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ICYMI: What agents need to know from the Autumn Statement

In case you missed it yesterday, here’s a summary of everything relating to property that was in Chancellor Phillip Hammond’s Autumn Statement:

- a ban on letting agents’ fees “as soon as possible” (widely believed to mean that there will be a consultation period);

- a £1.4 billion funding injection aimed at funding the construction of around 40,000 additional affordable homes by 2020/21;


- a £2.3 billion fund to “unlock land” for housing in areas of highest demand with the most expensive homes;

- planning regulations to be relaxed to allow what the Chancellor called “providers’ to build a wider range of new-build homes;

- specifically for London, an additional £3 billion for a predicted 90,000 affordable homes;

- a Housing White Paper produced by the Department of Communities and Local Government “in the near future” (which commentators believe indicates that it may be early next year rather than, as anticipated, before Christmas);

- a review into general incorporation processes and tax paid as a result: no details were given, but this may be a challenge to landlords setting up companies to combat the restrictions on mortgage interest tax relief being introduced from April 2017;

- a “large-scale regional pilot of Right to Buy for housing association tenants”;

- continued support for home ownership through the Help to Buy Equity Loan scheme and the Help to Buy ISA”;

- there were no references to Stamp Duty or George Osborne’s Buy To Let tax changes outlined in recent years, suggesting these remain unchanged.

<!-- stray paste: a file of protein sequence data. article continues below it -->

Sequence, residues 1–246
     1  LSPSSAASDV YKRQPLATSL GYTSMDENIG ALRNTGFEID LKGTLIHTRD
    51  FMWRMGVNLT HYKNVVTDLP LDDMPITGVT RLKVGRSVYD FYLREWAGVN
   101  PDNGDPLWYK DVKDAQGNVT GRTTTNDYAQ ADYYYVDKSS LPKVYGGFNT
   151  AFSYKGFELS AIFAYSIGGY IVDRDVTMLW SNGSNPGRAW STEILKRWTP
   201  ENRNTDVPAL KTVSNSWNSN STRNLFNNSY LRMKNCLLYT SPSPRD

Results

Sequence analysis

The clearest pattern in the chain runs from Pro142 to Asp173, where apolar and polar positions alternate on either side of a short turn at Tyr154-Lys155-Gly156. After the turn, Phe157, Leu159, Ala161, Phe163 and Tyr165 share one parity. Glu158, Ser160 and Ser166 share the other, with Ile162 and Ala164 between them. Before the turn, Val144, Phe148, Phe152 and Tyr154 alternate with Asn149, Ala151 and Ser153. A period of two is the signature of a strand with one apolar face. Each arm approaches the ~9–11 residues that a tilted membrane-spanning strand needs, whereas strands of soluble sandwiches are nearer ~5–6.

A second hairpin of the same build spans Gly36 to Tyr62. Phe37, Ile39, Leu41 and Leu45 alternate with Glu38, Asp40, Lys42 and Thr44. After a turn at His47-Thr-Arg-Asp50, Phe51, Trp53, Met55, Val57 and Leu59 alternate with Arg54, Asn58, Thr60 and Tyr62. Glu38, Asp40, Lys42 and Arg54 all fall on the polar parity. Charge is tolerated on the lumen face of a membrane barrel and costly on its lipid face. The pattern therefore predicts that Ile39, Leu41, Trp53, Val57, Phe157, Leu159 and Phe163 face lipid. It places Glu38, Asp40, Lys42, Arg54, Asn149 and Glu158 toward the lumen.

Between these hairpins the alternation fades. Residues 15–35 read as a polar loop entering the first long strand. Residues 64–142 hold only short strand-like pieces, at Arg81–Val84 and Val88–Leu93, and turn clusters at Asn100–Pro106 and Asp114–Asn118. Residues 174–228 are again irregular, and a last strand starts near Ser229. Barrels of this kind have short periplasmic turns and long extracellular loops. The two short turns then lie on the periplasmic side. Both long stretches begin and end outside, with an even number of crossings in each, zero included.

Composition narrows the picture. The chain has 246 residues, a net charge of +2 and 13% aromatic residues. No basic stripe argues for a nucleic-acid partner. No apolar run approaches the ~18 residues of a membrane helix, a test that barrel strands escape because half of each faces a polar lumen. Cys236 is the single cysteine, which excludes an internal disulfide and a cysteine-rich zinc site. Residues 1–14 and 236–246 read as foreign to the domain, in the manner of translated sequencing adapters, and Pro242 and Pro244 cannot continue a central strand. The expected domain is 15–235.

Key quotes from Phillip Hammond:

“In the private rental market, letting agents are currently able to charge unregulated fees to tenants. We have seen these fees spiral, often to hundreds of pounds. This is wrong. Landlords appoint letting agents and landlords should meet their fees. So I can announce today that we will ban fees to tenants as soon as possible”

“Families rely on roads, rail, telecoms – and, especially housing. We have made good progress, with the number of new homes being built last year hitting an eight-year high. But for too many, the goal of home ownership remains out of reach”

“The challenge of delivering the housing we so desperately need in the places where it is currently least affordable is not a new one…But the effect of unaffordable housing on our nation’s productivity makes it an urgent one. The Communities Secretary will bring forward a Housing White Paper in due course, addressing these long-term challenges”

“This package [of housing measures] means that over the course of this Parliament, the government expects to more than double, in real terms, annual capital spending on housing. Coupled with our resolve to tackle the long term challenges of land supply, this commitment to housing delivery represents a step-change in our ambition to increase the supply of homes for sale and for rent, to deliver a housing market that works for everyone.”


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